The proper humidity for the vegetative stage is 40-65%. Start at the high end of the range and reduce it by 5% each following week of the growth cycle. Use (de)humidifiers to moderate this figure indoors, and rely on the breeze and watering schedule to control it outdoors.

The ideal temperature range is 70-85°F for daylight hours and 65-75°F at nighttime. If growing weed outdoors, shade the foliage if there’s a heat wave. Indoor cultivators can use AC units and heaters to keep the temperature within range.

Airflow and Carbon Dioxide

Healthy plants require a constant source of fresh air. Ventilation introduces new carbon dioxide (CO2) for photosynthesis, eliminates excess oxygen, and can help prevent mold formation.

Use intake and extractor fans in grow rooms and tents to keep the air fresh. Outdoor and greenhouse growers should set up their gardens in the wind direction.

Adding extra carbon dioxide to your grow space kickstarts vegetative growth. Plants need more heat, water, and light to take advantage of the supplement, so read up on the technique before giving it a shot.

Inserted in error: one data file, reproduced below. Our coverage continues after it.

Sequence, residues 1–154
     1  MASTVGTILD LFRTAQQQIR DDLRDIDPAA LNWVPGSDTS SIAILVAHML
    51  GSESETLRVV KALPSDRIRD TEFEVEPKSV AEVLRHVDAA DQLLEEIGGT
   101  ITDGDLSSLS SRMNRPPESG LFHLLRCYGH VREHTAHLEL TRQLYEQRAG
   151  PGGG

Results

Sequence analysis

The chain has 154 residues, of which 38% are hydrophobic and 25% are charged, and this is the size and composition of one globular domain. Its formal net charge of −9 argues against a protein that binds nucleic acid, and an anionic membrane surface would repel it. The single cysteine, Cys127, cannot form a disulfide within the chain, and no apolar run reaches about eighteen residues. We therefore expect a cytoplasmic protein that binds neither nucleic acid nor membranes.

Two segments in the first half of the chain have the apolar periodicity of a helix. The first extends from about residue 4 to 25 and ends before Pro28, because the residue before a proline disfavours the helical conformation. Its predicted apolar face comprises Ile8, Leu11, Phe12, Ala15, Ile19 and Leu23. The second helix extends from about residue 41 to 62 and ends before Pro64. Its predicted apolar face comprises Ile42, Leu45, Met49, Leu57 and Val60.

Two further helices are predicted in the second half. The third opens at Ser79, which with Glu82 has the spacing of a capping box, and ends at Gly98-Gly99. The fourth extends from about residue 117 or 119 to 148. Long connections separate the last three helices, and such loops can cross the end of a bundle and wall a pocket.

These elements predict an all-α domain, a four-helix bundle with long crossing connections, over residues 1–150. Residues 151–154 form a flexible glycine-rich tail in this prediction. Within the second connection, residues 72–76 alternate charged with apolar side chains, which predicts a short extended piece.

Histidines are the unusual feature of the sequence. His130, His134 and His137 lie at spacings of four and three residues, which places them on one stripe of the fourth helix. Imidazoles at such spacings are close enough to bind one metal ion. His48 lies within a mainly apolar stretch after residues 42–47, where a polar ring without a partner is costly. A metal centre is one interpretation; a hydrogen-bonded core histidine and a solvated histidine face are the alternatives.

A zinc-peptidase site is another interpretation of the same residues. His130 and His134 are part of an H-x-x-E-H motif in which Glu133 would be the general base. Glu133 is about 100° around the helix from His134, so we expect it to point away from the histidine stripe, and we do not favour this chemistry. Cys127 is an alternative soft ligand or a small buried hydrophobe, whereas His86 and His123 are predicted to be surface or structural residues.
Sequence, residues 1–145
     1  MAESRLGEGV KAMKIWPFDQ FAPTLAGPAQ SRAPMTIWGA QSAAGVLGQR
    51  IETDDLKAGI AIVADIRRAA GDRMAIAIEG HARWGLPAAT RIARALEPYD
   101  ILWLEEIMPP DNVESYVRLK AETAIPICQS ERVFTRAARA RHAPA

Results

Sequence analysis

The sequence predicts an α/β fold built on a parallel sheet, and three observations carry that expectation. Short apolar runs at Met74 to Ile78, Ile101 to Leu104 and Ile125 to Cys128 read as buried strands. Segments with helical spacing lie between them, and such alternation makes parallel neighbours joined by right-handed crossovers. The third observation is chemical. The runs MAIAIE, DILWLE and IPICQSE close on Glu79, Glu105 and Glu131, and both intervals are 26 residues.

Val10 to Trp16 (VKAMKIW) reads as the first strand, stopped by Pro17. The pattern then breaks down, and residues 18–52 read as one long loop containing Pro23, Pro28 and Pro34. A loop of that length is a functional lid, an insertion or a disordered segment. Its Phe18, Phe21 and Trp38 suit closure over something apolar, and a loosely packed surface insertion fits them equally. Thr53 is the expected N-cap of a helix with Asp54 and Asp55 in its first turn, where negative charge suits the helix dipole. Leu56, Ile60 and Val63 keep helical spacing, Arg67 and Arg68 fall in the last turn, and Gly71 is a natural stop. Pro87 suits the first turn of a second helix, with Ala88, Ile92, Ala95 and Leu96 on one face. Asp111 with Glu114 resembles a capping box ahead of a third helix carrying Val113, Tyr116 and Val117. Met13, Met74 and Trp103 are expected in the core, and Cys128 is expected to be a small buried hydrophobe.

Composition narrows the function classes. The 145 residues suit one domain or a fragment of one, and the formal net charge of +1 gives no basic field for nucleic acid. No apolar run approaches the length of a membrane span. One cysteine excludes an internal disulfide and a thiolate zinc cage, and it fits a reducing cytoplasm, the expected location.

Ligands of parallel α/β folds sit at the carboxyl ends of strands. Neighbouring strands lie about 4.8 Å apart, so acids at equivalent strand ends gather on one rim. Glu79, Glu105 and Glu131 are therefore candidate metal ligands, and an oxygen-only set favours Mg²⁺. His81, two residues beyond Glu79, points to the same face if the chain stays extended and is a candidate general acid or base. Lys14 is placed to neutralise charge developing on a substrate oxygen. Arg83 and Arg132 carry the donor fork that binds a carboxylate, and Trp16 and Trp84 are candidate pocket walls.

Pruning, Trimming, and Topping

Plants in the vegetative state are amenable to pruning, trimming, and topping and swiftly recover from physical stress.

Outdoor cultivators and newbies should stick to weekly pruning. Use scissors to remove yellow and large leaves shading the lower sections. Leave at least one pair on each branch.

Experienced growers top their cannabis to control its height and promote bushiness. Cut the top of the main stem and cause it to diverge into two branches and become bushier. You can repeat this multiple times to produce more bud sites, but give it several days between sessions.

Wait till the cannabis seedling has 3-5 nodes and sets of true leaves before topping and pruning. Use sterilized tools and be mindful of the environment while plants recover from stress.

Low-Stress Training

Low-stress training lets you coax your cannabis into a more desirable shape. This technique makes plants more compact and higher-yielding while boosting airflow and light penetration.

Instead of cutting or snapping branches, you bend and tie them down to make the canopy even and smooth. For instance, the Screen of Green technique is perfect for managing tall and slim sativa.